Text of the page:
In determining what is right and wrong, conscience doesn’t work by magic. You first have to form your conscience. This means learning about good and evil, and that’s the job for the intellect.
Many people mistakenly think that conscience is the faculty that tells us what is right and what is wrong. Conscience is better thought of as an alarm. With your intellect you learn what’s right and wrong, and then conscience “sounds off” when you are about to violate the standards your intellect has learned. If you have no standards, you’ll never hear the alarm.
But you need to make sure not just that your conscience is formed but that it is formed correctly. If it is, the moral judgments you make will be reliable. If your conscience is formed poorly, then your moral judgments won’t be trustworthy.
For example, if you’ve been taught that there’s nothing wrong with stealing—or if you’ve never been taught that stealing is wrong—you won’t have any inhibitions against stealing. Your conscience won’t bother you when you steal because it isn’t reliable when it comes to the immorality of stealing. In other words, it’s been formed—but formed incorrectly.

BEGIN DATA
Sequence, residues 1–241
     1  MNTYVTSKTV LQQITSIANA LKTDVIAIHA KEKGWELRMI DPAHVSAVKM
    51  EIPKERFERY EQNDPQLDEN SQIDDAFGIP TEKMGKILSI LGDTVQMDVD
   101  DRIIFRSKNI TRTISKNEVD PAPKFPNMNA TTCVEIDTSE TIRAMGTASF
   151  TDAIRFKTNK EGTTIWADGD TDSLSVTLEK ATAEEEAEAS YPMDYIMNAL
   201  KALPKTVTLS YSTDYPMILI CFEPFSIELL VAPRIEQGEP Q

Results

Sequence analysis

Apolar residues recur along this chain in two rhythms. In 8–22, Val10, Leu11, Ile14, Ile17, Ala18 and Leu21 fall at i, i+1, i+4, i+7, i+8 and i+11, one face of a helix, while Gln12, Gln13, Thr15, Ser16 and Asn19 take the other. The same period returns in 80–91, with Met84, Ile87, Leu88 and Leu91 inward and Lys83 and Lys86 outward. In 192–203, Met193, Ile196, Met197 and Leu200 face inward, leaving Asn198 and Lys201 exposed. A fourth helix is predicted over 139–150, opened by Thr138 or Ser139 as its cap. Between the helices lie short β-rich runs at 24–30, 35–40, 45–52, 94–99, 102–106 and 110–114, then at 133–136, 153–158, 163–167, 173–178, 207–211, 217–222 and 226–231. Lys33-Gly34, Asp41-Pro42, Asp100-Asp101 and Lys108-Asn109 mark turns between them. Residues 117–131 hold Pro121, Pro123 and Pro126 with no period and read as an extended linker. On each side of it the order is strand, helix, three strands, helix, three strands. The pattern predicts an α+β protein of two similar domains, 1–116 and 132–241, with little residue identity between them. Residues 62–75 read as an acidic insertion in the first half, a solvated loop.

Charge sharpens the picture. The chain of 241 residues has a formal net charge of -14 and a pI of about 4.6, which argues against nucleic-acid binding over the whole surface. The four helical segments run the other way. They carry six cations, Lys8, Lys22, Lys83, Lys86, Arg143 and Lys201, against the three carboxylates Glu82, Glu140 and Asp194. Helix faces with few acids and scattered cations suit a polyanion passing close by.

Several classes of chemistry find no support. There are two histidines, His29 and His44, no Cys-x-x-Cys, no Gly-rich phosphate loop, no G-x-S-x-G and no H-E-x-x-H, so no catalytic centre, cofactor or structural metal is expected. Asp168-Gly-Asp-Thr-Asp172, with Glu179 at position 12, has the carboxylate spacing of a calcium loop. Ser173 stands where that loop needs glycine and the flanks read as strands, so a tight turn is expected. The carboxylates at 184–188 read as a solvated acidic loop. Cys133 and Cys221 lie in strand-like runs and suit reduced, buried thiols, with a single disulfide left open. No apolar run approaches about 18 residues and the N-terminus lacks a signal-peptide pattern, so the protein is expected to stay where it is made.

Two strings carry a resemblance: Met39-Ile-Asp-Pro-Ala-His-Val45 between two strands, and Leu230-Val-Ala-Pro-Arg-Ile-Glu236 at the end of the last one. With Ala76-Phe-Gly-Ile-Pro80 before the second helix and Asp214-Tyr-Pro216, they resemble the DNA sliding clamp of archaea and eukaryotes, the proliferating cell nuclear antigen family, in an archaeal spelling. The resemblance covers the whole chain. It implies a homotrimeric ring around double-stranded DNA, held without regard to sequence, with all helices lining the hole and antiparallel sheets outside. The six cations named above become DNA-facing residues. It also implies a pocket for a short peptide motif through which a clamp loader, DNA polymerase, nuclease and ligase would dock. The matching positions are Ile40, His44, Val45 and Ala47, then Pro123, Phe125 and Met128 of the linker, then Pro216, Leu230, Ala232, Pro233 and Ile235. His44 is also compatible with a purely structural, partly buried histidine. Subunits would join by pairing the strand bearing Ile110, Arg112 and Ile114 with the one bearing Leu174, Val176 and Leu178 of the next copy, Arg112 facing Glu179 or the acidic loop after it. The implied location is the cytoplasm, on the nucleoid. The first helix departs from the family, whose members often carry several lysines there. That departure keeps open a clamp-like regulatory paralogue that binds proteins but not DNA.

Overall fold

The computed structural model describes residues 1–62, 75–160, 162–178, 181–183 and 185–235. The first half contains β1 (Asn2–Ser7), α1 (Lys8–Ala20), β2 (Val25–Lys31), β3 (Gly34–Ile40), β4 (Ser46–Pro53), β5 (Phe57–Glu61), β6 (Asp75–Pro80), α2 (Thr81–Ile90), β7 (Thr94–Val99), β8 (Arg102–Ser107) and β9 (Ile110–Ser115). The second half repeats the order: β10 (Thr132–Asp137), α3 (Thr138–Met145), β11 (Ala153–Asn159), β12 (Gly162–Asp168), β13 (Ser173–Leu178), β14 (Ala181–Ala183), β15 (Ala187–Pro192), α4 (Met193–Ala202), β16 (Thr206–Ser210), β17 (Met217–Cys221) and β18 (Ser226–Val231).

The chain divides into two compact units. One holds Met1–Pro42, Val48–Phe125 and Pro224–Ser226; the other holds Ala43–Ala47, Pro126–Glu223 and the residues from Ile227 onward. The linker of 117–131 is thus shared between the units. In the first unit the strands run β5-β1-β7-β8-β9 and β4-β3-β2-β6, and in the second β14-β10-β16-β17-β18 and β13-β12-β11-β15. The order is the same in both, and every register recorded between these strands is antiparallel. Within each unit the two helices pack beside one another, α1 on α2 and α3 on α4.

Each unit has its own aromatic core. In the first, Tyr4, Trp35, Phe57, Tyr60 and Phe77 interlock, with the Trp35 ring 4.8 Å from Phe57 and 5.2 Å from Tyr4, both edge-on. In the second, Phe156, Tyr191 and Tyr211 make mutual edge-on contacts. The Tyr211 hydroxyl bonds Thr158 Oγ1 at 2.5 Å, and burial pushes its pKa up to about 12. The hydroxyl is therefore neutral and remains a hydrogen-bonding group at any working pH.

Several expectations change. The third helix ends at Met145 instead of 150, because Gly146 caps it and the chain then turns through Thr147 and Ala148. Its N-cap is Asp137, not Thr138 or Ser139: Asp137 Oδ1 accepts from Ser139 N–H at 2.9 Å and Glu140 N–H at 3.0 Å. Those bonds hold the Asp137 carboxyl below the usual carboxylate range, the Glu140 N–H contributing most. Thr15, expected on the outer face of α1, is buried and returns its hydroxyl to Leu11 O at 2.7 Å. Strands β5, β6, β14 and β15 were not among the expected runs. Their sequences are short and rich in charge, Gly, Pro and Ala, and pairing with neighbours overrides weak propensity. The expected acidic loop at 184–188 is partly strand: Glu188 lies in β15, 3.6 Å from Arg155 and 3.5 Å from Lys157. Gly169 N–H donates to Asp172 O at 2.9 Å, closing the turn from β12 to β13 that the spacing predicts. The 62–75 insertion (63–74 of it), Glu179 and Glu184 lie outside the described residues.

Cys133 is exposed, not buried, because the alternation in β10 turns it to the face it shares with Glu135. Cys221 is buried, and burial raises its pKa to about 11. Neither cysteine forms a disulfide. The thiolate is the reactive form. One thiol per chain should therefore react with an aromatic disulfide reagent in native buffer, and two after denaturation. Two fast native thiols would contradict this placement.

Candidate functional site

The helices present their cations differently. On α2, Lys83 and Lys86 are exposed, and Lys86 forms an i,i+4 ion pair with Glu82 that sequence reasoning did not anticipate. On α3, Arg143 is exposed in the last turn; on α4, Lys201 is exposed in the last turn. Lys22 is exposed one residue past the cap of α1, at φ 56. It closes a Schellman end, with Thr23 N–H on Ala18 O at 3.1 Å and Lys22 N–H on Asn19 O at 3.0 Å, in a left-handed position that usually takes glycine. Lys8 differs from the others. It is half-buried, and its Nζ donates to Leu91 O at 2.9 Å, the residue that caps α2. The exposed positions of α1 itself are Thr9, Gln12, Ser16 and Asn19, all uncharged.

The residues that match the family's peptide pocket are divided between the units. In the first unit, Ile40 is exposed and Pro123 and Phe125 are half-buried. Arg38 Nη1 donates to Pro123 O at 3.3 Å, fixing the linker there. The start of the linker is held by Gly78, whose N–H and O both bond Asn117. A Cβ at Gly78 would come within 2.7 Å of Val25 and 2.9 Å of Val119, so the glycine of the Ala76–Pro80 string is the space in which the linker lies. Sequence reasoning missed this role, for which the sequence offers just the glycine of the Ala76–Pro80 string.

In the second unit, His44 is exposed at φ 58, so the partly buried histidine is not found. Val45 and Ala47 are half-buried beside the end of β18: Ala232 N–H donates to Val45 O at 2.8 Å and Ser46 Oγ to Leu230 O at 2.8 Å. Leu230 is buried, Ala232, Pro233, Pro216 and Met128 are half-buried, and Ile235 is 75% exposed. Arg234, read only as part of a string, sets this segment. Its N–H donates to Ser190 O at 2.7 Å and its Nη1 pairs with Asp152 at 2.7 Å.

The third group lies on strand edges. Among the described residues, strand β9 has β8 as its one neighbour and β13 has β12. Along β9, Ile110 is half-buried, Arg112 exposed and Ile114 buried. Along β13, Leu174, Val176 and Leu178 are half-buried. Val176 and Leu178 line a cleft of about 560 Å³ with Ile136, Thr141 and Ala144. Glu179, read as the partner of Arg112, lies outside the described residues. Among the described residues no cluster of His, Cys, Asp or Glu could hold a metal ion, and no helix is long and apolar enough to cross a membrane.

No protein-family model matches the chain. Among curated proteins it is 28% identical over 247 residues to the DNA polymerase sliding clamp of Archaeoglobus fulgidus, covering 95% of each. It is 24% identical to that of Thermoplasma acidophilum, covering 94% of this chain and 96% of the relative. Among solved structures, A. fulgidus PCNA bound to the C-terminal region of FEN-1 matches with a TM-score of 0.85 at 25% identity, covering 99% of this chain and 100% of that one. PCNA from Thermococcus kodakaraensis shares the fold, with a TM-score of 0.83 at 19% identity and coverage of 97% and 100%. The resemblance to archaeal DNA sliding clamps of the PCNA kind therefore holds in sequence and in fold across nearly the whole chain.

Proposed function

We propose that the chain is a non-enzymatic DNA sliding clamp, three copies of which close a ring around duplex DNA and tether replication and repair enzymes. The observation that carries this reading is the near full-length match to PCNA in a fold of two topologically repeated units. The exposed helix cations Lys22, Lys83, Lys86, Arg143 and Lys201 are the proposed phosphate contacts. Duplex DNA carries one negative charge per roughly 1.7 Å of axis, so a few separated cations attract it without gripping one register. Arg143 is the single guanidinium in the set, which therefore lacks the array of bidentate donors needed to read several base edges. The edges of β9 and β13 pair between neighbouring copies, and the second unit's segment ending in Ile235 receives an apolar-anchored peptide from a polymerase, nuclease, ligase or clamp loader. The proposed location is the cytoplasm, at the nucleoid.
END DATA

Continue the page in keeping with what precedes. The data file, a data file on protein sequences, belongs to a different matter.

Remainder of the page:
It’s true we have an obligation to follow our conscience, even a poorly formed or “erroneous” one, but we also have an obligation to form our consciences properly. For Catholics, this means following what Jesus teaches in Scripture and Tradition through the magisterium of the Church.